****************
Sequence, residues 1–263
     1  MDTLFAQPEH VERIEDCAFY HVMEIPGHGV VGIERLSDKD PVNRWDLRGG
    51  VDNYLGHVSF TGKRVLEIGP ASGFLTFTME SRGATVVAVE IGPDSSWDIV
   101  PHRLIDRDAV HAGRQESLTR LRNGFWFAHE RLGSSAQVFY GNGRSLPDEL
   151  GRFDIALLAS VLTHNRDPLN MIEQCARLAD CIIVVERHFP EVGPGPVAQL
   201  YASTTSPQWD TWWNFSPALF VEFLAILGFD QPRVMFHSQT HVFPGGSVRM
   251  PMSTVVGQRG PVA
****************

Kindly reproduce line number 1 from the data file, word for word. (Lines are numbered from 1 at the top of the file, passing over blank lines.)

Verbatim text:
Sequence, residues 1–263